Retrieving Christus Victor
Despite the criticisms levelled against Mel Gibson’s The Passion, especially from Protestant quarters, his portrayal of Gethsemane is profoundly theological. After pleading with the Father to be spared the cross, Jesus stands up and crushes a snake’s head. This striking imagery alludes to God’s promise in Genesis 3:15, “I will put enmity between you and the woman, and between your offspring and her offspring; he shall bruise your head, and you shall bruise his heel.” This has traditionally been called the protevangelion (‘first gospel’). It promised that even though the reality for fallen humanity would be conflict with evil powers (Genesis 3:14), the promised end of that strife is victory. As Gibson depicts, Christ’s life was marked by conflict yet it ended in God’s promised conquest. But where was that victory won? Identifying the serpent as Satan, in Revelation 12:11-12 we read that Satan was conquered by the blood of the Lamb. Mysteriously then, it is through his death - and resurrection - that Christ triumphs over evil and brings us back to God. To use an old but obscure word: at the cross Christ achieves ‘atonement.’
In my own experience, we often tend to downplay this dramatic struggle between God and evil when speaking about the atonement. But standing at either end of history we see a promise of conflict and that same struggle climaxing in God’s victory. For these reasons, the Eastern Orthodox tradition (following the early church fathers) has long treated the Christus Victor view of atonement as primary—sometimes exclusively so. This view of the atonement received renewed attention amongst Protestants in the 19th century, thanks to Gustav Aulén. Aulén outlined three views of the atonement: classic or dramatic (Christus Victor); objective (Latin); and subjective (Christus Exemplar). But for Aulén these were not three aspects of Christ’s unified work. Rather he set his classic view, or Christus Victor, over against the other two. Aulén’s view of the atonement centred on “divine conflict and victory.” But as I have argued, in the numerous posts linked above, the New Testament speaks of Christ’s atoning work in a variety of ways. These are related, even mutually dependant. Thus Kevin Vanhoozer urges us to think of a plurality of metaphors rather than polarised models. In the remainder of this post I will briefly unpack Christus Victor using Aulén’s book and point out some of its undervalued strengths.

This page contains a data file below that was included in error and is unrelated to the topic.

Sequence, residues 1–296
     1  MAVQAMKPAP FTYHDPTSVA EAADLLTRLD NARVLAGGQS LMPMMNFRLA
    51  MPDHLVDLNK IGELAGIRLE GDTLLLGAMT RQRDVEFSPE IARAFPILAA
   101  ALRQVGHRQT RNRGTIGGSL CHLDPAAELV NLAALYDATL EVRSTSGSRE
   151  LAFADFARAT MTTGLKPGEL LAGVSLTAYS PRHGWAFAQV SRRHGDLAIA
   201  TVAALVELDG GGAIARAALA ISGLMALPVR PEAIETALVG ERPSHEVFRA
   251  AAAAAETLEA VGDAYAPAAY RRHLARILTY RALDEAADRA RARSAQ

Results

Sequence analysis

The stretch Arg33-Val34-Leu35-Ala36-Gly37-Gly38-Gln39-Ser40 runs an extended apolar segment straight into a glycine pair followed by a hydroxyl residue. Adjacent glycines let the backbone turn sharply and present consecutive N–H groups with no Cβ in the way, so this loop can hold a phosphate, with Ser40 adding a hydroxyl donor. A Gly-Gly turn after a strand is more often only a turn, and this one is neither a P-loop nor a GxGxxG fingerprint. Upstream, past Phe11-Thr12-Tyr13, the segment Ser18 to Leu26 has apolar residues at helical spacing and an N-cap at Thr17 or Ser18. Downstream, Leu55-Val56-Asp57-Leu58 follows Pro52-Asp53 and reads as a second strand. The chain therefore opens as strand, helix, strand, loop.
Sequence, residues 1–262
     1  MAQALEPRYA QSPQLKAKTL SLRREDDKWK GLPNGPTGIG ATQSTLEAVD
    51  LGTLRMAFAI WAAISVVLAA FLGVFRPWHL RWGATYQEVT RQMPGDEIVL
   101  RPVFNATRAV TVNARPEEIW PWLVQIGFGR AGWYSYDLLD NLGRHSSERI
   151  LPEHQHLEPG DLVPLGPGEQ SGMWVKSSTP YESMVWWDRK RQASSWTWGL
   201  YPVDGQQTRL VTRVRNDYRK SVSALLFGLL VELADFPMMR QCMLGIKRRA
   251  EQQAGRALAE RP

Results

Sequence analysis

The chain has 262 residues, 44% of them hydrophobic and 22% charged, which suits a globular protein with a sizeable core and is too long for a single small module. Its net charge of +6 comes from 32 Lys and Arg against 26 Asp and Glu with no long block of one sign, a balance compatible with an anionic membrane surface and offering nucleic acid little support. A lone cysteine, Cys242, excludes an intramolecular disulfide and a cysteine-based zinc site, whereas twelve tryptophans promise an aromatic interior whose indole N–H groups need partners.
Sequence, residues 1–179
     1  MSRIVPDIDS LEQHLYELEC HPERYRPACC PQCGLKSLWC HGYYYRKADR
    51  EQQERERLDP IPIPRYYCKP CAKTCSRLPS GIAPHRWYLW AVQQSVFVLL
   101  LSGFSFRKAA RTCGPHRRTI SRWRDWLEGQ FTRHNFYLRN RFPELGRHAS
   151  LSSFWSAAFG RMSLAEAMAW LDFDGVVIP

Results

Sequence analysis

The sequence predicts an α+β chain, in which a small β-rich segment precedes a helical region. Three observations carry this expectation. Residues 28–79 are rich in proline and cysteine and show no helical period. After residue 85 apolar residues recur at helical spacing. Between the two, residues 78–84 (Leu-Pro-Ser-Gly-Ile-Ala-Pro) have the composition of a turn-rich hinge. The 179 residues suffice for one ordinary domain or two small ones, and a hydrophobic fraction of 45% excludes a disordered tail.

Introducing Christus Victor
In Aulén’s presentation of Christus Victor: Christ’s victory over the evil powers brings about a new relation between God and man, which we might call reconciliation or atonement. In the work of the Son, God reconciles man to God through conquering mankind’s enemies. This victory was dramatic, but not dryly rational. In fact, Aulén described this divine drama as contra rationem et legam (against reason and law). It was not man atoning God through bearing his righteous judgment in our place, appropriated by an intellectual faith and resulting in imputed righteousness. As Robert Letham writes, “Today there is almost universal distaste for thinking of God and salvation in legal categories.” Aulén certainly felt that the Latin (objective) view of the atonement was too rationalistic and abstract. There is some validity in his criticisms.
Where Aulén comes unstuck is in claiming that Christ suffering the legal penalty for sin in our place cannot be fitted with the motif of victory. One of the church’s leading historians, Justo González, writes, “From the very beginning the church proclaimed Jesus as its Saviour, and in the patristic age there had been a variety of views as to how Christ saves sinners”. Thus Aulén overstates his position in claiming that Christus Victor dominated the church’s doctrine of salvation for the first millennium of its existence. Might we not see, in this variety of positions on the atonement that none can exclusively address the whole work of Christ? As Donald Macleod writes, “The motifs of conquest and victory are not alternatives to expiation, propitiation, reconciliation, satisfaction and redemption. None of these can stand alone; and none can claim priority or dominance over the others”. Jesus is both the lion and the lamb (Revelation 5). This critique aside, let us briefly consider two strengths of Christus Victor for Christians’ understanding of salvation.